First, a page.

This is a history of some of the escape routes out of Nazi occupied Europe open to people trying to flee the horrors of the Nazi war machine, avoid capture as POWs and get useful information out to the Allies.
The book tells the stories of some of the people involved working the lines, the stories of some of the escapees and about the routes themselves. It also tells of how the Chemin de la Liberte is commemorated today.
Whilst this book is a celebration of the escape routes it is also sad to learn of the brave people who were betrayed, tortured and killed for running the routes or for trying to use them to escape. It is almost unbearably sad to learn about those who were so close to freedom but didn’t quite make it over the dangerous and treacherous paths.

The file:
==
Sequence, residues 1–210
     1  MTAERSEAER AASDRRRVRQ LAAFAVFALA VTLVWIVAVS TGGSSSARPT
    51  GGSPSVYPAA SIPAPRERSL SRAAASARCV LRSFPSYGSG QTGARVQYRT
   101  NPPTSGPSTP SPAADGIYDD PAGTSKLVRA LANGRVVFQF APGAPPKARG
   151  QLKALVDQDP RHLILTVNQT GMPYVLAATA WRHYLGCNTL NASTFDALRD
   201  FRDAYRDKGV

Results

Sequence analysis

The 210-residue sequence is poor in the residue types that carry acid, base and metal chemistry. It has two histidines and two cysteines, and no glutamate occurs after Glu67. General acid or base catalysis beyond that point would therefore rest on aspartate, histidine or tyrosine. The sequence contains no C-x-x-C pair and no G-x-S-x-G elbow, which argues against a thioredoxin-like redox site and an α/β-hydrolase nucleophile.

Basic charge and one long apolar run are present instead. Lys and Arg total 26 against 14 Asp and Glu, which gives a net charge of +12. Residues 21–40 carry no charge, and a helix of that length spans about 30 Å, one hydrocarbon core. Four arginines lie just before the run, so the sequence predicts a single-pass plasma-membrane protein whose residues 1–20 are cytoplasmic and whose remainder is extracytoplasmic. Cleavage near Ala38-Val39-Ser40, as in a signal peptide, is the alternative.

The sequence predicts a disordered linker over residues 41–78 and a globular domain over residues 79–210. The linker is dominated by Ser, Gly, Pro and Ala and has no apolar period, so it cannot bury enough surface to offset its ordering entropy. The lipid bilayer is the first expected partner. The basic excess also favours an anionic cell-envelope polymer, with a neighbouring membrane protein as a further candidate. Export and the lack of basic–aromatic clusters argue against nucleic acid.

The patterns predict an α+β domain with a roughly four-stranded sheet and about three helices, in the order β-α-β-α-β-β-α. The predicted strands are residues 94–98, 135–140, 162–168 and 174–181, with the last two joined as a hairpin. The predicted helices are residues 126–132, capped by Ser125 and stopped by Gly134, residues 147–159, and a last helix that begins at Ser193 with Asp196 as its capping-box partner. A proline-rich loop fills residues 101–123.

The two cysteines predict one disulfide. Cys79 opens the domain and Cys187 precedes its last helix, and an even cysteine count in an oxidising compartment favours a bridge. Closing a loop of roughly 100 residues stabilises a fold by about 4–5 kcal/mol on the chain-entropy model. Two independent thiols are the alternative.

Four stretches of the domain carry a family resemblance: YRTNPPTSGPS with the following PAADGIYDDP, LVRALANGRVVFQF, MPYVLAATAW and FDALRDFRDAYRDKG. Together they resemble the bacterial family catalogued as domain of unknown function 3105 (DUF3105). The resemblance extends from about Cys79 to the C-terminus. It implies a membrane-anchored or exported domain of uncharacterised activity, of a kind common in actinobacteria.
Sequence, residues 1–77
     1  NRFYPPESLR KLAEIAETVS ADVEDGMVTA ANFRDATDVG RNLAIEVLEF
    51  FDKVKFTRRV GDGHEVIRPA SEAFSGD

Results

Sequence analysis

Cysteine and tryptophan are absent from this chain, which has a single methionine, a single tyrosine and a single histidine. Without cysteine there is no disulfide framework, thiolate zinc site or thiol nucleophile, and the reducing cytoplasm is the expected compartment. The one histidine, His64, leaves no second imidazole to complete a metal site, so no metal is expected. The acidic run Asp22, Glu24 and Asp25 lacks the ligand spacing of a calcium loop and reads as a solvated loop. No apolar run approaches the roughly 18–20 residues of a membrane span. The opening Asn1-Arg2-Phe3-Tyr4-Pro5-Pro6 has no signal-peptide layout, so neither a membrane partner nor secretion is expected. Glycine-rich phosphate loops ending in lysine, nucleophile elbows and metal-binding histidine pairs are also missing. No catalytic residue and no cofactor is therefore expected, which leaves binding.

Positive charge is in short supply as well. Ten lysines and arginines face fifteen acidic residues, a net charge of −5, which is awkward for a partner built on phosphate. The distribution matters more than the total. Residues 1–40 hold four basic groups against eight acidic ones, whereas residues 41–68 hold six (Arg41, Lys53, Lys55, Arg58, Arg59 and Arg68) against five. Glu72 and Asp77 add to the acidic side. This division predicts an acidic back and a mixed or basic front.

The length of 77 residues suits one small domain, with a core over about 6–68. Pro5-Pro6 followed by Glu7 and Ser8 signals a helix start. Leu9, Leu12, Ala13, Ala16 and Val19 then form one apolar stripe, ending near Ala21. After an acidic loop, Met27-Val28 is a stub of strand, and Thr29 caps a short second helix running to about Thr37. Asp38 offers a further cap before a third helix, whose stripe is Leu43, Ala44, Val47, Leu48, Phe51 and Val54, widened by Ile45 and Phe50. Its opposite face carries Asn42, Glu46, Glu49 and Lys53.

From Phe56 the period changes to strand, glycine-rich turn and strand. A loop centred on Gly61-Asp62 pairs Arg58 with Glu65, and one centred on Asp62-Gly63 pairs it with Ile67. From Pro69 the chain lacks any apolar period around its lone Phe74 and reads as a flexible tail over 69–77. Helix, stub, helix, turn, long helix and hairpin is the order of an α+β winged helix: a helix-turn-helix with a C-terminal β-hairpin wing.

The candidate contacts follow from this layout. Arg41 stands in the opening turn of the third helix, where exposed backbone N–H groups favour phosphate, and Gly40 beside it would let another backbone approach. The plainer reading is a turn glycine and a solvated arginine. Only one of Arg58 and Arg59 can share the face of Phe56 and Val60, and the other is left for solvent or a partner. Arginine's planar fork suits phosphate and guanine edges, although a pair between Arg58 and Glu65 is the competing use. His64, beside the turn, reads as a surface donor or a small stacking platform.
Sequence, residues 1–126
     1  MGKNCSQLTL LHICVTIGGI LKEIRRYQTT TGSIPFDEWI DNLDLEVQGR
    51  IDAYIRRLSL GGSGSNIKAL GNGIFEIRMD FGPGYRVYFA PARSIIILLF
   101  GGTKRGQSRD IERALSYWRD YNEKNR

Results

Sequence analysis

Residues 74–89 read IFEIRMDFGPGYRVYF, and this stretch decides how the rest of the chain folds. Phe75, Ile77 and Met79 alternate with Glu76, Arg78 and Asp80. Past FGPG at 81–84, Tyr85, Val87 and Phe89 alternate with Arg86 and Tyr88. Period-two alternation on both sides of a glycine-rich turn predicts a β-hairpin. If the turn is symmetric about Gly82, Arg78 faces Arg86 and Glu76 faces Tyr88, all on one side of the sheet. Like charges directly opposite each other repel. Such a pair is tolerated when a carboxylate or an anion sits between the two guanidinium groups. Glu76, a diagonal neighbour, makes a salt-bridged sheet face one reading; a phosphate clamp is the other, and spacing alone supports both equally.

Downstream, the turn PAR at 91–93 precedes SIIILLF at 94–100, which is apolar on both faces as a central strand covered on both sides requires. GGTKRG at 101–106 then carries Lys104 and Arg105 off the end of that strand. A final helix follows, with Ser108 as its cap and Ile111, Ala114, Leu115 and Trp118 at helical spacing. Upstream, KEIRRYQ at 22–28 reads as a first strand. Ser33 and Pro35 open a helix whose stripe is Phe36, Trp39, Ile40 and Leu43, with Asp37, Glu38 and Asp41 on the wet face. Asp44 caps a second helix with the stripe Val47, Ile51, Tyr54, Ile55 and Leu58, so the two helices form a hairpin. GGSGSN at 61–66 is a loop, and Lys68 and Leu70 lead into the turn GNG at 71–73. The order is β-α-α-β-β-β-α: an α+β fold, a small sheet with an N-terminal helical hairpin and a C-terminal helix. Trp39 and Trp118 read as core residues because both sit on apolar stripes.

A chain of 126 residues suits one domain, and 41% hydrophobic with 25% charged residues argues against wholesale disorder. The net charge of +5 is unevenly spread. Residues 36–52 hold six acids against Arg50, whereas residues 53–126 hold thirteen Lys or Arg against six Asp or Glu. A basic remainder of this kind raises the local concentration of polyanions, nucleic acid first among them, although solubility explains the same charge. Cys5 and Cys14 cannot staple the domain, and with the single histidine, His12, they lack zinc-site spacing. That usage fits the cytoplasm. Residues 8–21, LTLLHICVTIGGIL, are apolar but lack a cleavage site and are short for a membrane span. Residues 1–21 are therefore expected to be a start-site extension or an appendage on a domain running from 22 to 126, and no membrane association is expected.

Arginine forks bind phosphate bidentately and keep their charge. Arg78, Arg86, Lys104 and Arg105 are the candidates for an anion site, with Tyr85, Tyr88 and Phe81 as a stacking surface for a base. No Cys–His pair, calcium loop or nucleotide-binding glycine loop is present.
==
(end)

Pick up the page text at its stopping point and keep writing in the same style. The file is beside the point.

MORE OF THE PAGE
I knew, from previous reading, that crossing the Pyrenees was a route out of Nazi Europe but until I read this book I had no real understanding of the difficulties facing people trying to achieve it. Nor did I know anything of the people who were involved in helping to get people through to Spain.
Edward Stourton has done a good job in uncovering facts and bringing them to life in this book. He uses a good mix of personal testimony from survivors, hand-me-down stories from the descendants of those who are no longer alive to tell their stories and documented records and accounts. This means the reader gets a many-sided view of the history of the Chemin de la Liberte.
I’m also impressed that Stourton completed the Chemin.
A book that is emotionally difficult to read in parts and one well worth reading.